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A few weeks ago, I had the opportunity to attend the PRSA Western District Conference in Scottsdale, AZ. Flying out of Denver in a snowstorm and landing in beautiful 75 degree weather was definitely one of the bonuses of attending, but I also came back with a lot of good ideas to implement. The Western District did a great job of lining up engaging speakers from a wide variety of organizations, which really made each session unique and valuable. It was nice to meet other PR professionals who work in a variety of fields – there were people from agencies, highway construction companies, non-profits, medical offices, financial institutions (like me) and many more! Having such a wide representation was helpful to gain a new perspective on what’s going on in our industry. I learned quite a bit and thought I’d share some of my key takeaways:

In today’s social media world, people want to be more personal:

Consumers want to have relationships with brands these days. They want to feel connected to the brands they use and feel a sense of belonging with them. Companies can accomplish this by not simply pushing products, but using storytelling, testimonials, pictures, etc. to convey their messages instead of just an ad trying to sell them something. People now days are more apt to share personal information online and are quick to tell all their friends about their experience with a company – good and bad! Having the consumer be your advocate is your greatest weapon.

Research is ALWAYS important:

When launching a new product, project or campaign, it’s vital to do your research before you come up with a PR strategy. The same tactics won’t work every time. Study your target audience and find out where they play and how they want to be communicated with. One speaker discovered that her techy audience didn’t really engage with Facebook, but loved Twitter, so they focused their efforts there instead. Also, don’t discount “old school PR.” One construction company discovered their target audience was pretty low tech, so they ended up doing door-to-door meetings, flyers and community events; which proved very successful. Internally, get to know your leadership! Research your spokespersons so you can more effectively pitch them to media. Perhaps your CEO went to the same college as a reporter you’re targeting – these common threads can make a difference.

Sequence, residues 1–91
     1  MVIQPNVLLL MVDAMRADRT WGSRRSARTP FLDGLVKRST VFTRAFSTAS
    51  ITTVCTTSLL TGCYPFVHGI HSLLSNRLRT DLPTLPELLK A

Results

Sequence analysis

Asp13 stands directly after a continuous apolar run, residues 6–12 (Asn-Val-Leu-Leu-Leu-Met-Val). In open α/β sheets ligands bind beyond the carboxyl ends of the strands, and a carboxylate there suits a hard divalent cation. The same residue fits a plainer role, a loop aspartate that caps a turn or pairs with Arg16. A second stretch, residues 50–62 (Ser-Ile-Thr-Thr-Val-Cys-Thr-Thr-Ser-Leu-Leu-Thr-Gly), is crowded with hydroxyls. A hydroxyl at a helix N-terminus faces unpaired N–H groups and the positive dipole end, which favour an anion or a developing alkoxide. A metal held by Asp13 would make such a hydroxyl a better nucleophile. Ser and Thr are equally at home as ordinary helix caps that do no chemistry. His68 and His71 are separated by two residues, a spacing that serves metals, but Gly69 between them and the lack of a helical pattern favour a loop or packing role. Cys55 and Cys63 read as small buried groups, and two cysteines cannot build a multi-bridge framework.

Implement these engagement tips:

In a world with short attention spans, consistent engagement is key. Update your website, Facebook pages and Twitter feeds often to maintain interest. Photos are a great way to keep engagement high. One speaker, who worked for a highway construction company in California, did a great job with this. She would post “behind the scenes” photos of their project and a weekly trivia question to keep her audience informed and interested. They also started a “You asked….We answered” section on their website to keep an open dialog with their customers. These practices helped make a traditionally painful project – highway construction – less irritating and those in the affected area felt more involved in the process. Another great idea to engage the media is to include a “social media boiler plate” on all press releases. To do this, simply add “Share this story via Twitter” above your standard boiler plate and craft a tweet for the reporter to post. Nine times out of 10, the reporter will post the tweet you provide verbatim on their twitter page and – bam – instant coverage!

These are just a few tips I took with me from the Western District Conference. If you’re able, I’d highly encourage attending this conference next year (happening March 20-22, 2014 in beautiful San Diego!). I found the conference to be very valuable and it’s always good to meet others in our industry to learn best practices, new tips and make lasting connections.


Dana Chippindale
PRSA Pikes Peak Chapter